An “inability to deal with reality”

“To put it even more simply, with the Milibands of this world, we are dealing with the mentality of a child. Now, I don’t care whether Miliband looks or sounds odd, or is a tosser who knifed his brother in the back, so to speak, although I suppose these things do matter. What, at root, terrifies me about the idea of this fuckwit taking power is that he is a fuckwit, and alas, insufficiently self aware of his fuckwittery and inability to deal with reality.”

Johnathan Pearce, who I know values very highly the importance of dealing with reality.




Image credit “Riots Communities and Victims Panel


  1. One might benefit from remembering that a French socialist minister acknowledged the harm that the 35-hour week would do to the French economy and said that they were going to implement it anyway as a political gesture, showing his contempt for reality and his supporters. The mentality is one of destructionism. Destroy that which you resent, or that which you think your natural supporters resent, even if it hurts them, perhaps especially if it hurts them, so that their resentment grows.

    The question is, how would they fill 5 years of government with endless ‘5-minutes hates’?



  2. Like I said over there, this is wrong.

    The belief that, almost uniquely, politicians don’t understand that actions have consequences seems rather outlandish. It’s much more reasonable to believe that they promise these sorts of things not because they think they’ll work, but because they have to promise these sorts of things if they want to keep/win power.

    Neither is there any necessity to say that, if it’s not the politicians who are stupid, then it’s the voters who are. All that is required is that they are self-interested and that they value the benefit of a good thing now more than the costs of a bad thing way off in the future.

    So take rent control. I am paying a certain amount, but I would like to pay less of course. A politician promises that he will cut the amount of rent I have to pay. He does this because he thinks that being nice to me will get me to vote for him; the costs of the policy are some way off in the future and may even be borne by some other politician. I accept his offer because I want more money in my pocket right now; voting takes no effort, and the costs (less/lower quality housing) of the policy being introduced will take a good while to materialise – and by then I may not even be renting. In any case, the negative effects may be offset by some future policy innovations (and the same reasoning would apply to these).

    In short, it’s not just politicians for whom a week is a long time in politics.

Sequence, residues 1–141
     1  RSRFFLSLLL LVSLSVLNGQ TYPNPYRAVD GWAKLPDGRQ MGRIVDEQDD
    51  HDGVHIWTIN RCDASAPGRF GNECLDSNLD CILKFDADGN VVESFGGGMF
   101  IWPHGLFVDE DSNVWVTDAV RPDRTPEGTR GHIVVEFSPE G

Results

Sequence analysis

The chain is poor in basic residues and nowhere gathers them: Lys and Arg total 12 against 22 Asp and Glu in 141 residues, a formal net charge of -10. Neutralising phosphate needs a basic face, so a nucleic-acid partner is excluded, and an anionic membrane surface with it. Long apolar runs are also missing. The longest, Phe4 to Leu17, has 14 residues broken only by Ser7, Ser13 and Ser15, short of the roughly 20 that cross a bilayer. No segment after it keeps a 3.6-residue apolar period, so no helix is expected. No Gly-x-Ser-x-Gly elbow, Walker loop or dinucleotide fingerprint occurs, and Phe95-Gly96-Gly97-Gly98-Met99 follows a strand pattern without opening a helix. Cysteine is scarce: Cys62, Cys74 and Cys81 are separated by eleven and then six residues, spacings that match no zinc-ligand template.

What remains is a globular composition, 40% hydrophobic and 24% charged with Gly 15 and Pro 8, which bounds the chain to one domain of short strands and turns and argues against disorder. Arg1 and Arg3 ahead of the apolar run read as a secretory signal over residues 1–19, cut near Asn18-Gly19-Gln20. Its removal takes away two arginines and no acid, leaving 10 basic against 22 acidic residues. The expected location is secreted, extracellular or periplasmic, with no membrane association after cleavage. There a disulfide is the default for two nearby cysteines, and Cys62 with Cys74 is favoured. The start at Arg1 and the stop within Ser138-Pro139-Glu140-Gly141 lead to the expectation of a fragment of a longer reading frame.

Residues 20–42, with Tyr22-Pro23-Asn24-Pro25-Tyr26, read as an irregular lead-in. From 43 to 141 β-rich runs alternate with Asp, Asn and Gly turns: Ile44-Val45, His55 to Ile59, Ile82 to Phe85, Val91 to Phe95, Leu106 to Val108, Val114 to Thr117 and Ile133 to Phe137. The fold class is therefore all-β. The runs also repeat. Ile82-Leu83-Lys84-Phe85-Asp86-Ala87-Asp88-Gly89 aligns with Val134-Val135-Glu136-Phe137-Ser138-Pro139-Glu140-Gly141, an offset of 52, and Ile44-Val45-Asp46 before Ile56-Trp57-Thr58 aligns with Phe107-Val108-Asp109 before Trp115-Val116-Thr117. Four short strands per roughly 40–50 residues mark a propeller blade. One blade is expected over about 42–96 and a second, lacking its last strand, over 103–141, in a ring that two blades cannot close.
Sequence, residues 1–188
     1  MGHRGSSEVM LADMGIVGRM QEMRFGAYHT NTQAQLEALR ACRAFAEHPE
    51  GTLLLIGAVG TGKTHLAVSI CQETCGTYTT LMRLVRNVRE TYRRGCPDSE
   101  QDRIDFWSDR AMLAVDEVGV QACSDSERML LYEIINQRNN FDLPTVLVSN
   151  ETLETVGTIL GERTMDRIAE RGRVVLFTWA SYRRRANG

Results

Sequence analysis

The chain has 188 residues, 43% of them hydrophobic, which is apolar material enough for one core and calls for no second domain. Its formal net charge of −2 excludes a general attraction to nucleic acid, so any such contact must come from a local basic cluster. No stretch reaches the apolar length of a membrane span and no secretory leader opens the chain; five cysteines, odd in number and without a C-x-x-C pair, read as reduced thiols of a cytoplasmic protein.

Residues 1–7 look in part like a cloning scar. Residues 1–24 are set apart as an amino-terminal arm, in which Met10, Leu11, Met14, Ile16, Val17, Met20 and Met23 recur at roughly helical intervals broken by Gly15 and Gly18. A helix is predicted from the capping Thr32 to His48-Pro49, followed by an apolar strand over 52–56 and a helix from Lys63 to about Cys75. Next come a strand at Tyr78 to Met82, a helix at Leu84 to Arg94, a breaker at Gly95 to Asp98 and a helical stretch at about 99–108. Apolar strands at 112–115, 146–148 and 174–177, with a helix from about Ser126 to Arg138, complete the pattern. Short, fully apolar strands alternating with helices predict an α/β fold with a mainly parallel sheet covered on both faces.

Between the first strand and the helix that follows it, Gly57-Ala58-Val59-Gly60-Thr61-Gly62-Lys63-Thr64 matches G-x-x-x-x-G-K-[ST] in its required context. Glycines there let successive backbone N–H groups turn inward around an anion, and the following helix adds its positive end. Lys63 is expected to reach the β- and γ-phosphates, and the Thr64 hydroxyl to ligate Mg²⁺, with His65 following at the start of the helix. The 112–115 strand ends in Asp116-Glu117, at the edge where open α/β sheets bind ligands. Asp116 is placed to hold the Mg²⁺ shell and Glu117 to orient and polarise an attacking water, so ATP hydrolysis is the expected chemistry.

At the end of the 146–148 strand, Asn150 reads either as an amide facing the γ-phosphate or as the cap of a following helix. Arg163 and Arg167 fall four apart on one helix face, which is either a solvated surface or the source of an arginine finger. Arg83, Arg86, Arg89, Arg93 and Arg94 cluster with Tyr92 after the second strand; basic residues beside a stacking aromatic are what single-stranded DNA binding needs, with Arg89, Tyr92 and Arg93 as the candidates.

3. Rocco, there may be some truth in that. But then if politicians aren’t exercising better judgement, if they are simply obeying the selfish instincts of the voters, then there is no benefit in a representative democracy. We may as well pass all decision making to direct democracy. I believe Switzerland is part way in that direction, and it seems to work pretty well.



    1. I wouldn’t say they *don’t* exercise better judgement: they are self-interested, too, after all. They have to give voters what they want, ma non troppo.



  4. It is a mixed thing.

    Politicians believe in some of it – for example the insane Keynesian monetary policy. Most politicians (of all parties) really do believe in that, because they were taught to at school and university.

    But believing that one can raise wages or lower rents, just by passing an edict…..

    Like the others on the this thread I doubt that politicians believe such madness.

    After all I am “in the trade” and the leaders of my own “tribe” certainly do not believe it – they say (policy) “we must endorse [a milder version of] X because Labour is offering it” not “we must endorse X because it is a good policy”, because they know it is not a good policy.

    But what of “Labour” – how to get into the minds of the other “tribe”.

    Do they really believe that passing laws increases wages, or that spending more money improves services?

    I really do not know – not for sure.



    1. I am not convinced politicians believe Keynesianism is the right answer for all, but it is certainly the right answer for the state and it’s hangers on.



  5. Politicians believe some of it, but I suspect that one of the reasons they believe it is wishful thinking. Politicians have good reasons for wanting to believe in Keynesianism, because it tells them that they have power, and suggests that they might be able to have their cake and eat it too.

    It seems to me that what we have in representative democracy is a combination of wishful thinking, self-interest, and a feeling that what happens in the next couple of years is much more important than what happens 20 years down the line.

    Hence voters will vote for what they think will benefit them and their families in the next couple of years, and really don’t care about the long term costs because there is a chance that a) they’ll be dead by that time, or b) something will turn up, or c) economic theories that tell you that you can have your cake and eat it too will turn out to be correct.

    Politicians, likewise, are motivated by self-interest (political career), short-termism (the next election), and wishful thinking (“This policy might just work.” )

    There are other factors at work at work, but I think these three are the main ones. So, in Milliband et al there is an element of running away from reality, but there is also an element of shrewd calculation.



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